The environment minister Dan Rogerson said Government spending on flood defences has protected "1.4 million properties" from flooding.
Speaking on Good Morning Britain, Mr Rogerson justified the spending levels after an extra £270m was used in Somerset due to the "wettest winter on record."
An influential committee of MPs says regular dredging of rivers on the Somerset Levels must continue if we're to avoid a repeat of last winter's floods.
The cross-party DEFRA select committee says regular maintenance is essential to protect homes, businesses and farmland. It says dredging is as important as building new defences, and calls for greater powers for local water boards.
MP Anne McIntosh, who chairs the committee, says the government should rely on local knowledge of people living on the Levels.
MPs have welcomed £270 million extra funding for tackling flooding that has been announced by the Government this year, but said £130 million of that had been reallocated from elsewhere in the Environment Department's budget, rather than being additional.
We have repeatedly called on the Government to increase revenue funding so that necessary dredging and watercourse maintenance can be carried out to minimise flood risk, yet funding for maintenance remains at a bare minimum.
Ministers must take action now to avoid a repeat of the devastation caused by the winter floods.
The Government needs to recognise the importance of regular maintenance work and put it on an equal footing with building new defences.
Overall funding did not reflect the increased flood risk the country faced. Funding for maintenance work - a "Cinderella" area - needs to keep pace with the growing risk caused by more frequent extreme weather events and to look after an increasing number of flood defences being built, the MPs said.
They urged the Environment Department (Defra) to draw up fully-funded plans to address the current backlog of maintenance work, including routine dredging, as well as to maintain the growing numbers of man-made flood defences.
MPs have warned that maintaining flood protection for communities should take priority over cost-cutting, to prevent a repeat of the devastation caused by the winter floods.
The Parliamentary Environment, Food and Rural Affairs (Efra) committee said in a report on the floods that funding for clearing rivers, routine dredging and maintaining existing flood defences is at a "bare minimum".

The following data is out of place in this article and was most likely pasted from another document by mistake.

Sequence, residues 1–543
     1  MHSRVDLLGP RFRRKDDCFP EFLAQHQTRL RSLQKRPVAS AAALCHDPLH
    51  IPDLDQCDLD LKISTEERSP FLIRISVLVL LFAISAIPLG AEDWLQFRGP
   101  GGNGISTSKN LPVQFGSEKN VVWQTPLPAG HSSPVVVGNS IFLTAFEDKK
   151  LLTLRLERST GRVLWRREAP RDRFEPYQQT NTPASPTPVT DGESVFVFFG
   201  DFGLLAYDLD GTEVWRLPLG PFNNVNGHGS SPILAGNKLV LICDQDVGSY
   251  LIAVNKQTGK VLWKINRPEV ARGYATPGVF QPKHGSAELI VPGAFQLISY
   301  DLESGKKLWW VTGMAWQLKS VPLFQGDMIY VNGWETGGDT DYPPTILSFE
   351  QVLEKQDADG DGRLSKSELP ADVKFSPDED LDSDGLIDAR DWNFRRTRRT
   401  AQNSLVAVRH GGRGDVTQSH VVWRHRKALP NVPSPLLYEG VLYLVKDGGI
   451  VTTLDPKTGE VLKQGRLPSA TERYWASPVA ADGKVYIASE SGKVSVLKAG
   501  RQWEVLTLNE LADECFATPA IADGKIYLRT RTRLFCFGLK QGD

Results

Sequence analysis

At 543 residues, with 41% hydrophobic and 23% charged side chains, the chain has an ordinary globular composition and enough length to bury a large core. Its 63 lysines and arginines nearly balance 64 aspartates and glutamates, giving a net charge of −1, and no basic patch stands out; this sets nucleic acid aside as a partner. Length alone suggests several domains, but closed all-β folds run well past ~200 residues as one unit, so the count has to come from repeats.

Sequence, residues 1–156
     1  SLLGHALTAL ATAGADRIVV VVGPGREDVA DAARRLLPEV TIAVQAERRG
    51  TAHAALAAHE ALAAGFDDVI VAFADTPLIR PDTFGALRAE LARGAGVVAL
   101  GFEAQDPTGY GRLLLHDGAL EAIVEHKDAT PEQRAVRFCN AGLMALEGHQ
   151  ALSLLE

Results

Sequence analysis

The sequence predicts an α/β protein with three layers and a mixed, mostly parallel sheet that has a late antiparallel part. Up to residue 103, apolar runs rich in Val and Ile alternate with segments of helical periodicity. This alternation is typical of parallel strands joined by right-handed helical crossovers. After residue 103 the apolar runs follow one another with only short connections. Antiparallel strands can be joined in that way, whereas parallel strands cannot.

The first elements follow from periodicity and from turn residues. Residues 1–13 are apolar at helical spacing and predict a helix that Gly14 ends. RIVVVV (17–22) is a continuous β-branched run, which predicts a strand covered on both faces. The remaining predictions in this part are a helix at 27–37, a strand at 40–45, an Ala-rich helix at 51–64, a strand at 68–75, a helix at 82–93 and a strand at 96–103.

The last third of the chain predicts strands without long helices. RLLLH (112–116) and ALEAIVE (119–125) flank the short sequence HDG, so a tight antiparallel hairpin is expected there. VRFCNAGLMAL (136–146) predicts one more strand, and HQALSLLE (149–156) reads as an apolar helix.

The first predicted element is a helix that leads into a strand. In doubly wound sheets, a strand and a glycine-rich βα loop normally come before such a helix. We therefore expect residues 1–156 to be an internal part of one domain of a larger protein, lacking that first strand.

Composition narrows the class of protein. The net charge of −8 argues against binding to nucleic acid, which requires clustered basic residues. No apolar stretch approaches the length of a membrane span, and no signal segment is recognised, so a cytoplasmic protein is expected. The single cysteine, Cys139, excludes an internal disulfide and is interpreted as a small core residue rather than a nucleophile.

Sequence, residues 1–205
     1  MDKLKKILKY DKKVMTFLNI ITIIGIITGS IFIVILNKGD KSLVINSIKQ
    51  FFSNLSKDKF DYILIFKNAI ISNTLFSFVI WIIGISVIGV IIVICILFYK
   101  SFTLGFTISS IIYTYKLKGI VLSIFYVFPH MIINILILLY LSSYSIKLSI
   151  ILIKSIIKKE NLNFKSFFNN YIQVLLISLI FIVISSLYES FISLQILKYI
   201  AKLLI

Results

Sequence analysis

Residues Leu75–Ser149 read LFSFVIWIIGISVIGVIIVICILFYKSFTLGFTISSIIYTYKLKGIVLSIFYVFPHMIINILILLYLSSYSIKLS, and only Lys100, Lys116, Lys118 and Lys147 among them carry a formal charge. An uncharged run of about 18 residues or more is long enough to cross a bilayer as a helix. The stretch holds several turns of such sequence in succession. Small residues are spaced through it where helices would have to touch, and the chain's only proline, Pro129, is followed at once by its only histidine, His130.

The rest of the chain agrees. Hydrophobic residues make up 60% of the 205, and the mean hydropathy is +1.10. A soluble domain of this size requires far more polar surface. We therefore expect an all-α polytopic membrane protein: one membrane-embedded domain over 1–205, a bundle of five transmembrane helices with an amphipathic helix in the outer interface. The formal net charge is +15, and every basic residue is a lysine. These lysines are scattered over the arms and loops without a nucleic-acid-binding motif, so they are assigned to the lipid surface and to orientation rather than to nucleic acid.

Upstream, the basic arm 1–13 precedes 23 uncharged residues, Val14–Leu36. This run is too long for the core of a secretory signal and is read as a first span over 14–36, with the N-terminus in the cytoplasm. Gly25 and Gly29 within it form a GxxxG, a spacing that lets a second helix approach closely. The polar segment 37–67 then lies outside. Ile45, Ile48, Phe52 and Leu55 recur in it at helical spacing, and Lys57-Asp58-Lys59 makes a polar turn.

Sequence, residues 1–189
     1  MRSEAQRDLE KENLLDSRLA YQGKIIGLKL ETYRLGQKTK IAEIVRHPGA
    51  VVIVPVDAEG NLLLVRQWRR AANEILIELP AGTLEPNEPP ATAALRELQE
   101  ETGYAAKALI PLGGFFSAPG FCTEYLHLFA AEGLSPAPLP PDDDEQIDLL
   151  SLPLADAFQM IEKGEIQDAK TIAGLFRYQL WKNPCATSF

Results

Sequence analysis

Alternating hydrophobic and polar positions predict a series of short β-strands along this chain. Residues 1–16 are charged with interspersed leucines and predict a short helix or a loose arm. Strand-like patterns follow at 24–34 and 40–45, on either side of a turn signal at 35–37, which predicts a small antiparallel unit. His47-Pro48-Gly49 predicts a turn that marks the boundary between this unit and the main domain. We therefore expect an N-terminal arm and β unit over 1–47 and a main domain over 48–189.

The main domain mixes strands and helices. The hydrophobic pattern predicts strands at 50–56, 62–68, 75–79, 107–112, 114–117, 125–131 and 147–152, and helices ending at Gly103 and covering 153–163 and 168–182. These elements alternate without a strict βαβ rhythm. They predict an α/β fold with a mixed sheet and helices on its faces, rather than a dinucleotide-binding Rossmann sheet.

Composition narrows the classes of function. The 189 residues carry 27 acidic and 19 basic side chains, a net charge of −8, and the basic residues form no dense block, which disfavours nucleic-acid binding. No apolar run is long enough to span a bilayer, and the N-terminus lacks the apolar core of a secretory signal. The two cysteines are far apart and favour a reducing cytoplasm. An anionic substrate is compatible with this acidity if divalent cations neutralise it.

While the committee commended the relief effort for the floods, which saw 7,000 properties flooded as the UK was hit by repeated storms and the wettest winter on record, they said investment in flood prevention was preferable to spending on clean-up.
The Met Office is warning us to expect many more flash floods and warmer summers, due to a changing pattern in our weather system.
It's feared flooding on the scale of Boscastle could be repeated more often. More than 75mm of rain fell in just two hours over the Cornish village in 2004.
Seth Conway reports.
The Met Office has warned that flash flooding could become more common in the South of England by the end of the century.
Forecasters say there will be an increase in 'localised extreme events', such as the floods in Boscastle in August 2004, where rain fell over an eight hour period and caused extreme flooding in the Cornish village.
The Met Office have also predicted that the flooding will be accompanied by summer heat waves by 2040.
A project that uses ex-offenders to prevent flooding has proved such a success that it is going nationwideRead the full story ›
A project pioneered in Cornwall in which ex-offenders help protect communities at risk of flooding is set to be rolled-out across England. John Pegg from the National Flood Forum says the project which began in Lostwithiel has been a huge success:
A project pioneered in Cornwall in which ex-offenders to help protect communities at risk of flooding is set to be rolled-out across England.
The ex-offenders work through the autumn and early winter to clear leaves from drains in South East Cornwall. Blockages are one of the major causes of flooding.
Willow growers on the Somerset Levels are rushing to harvest their crops after being held up by the widespread flooding.Read the full story ›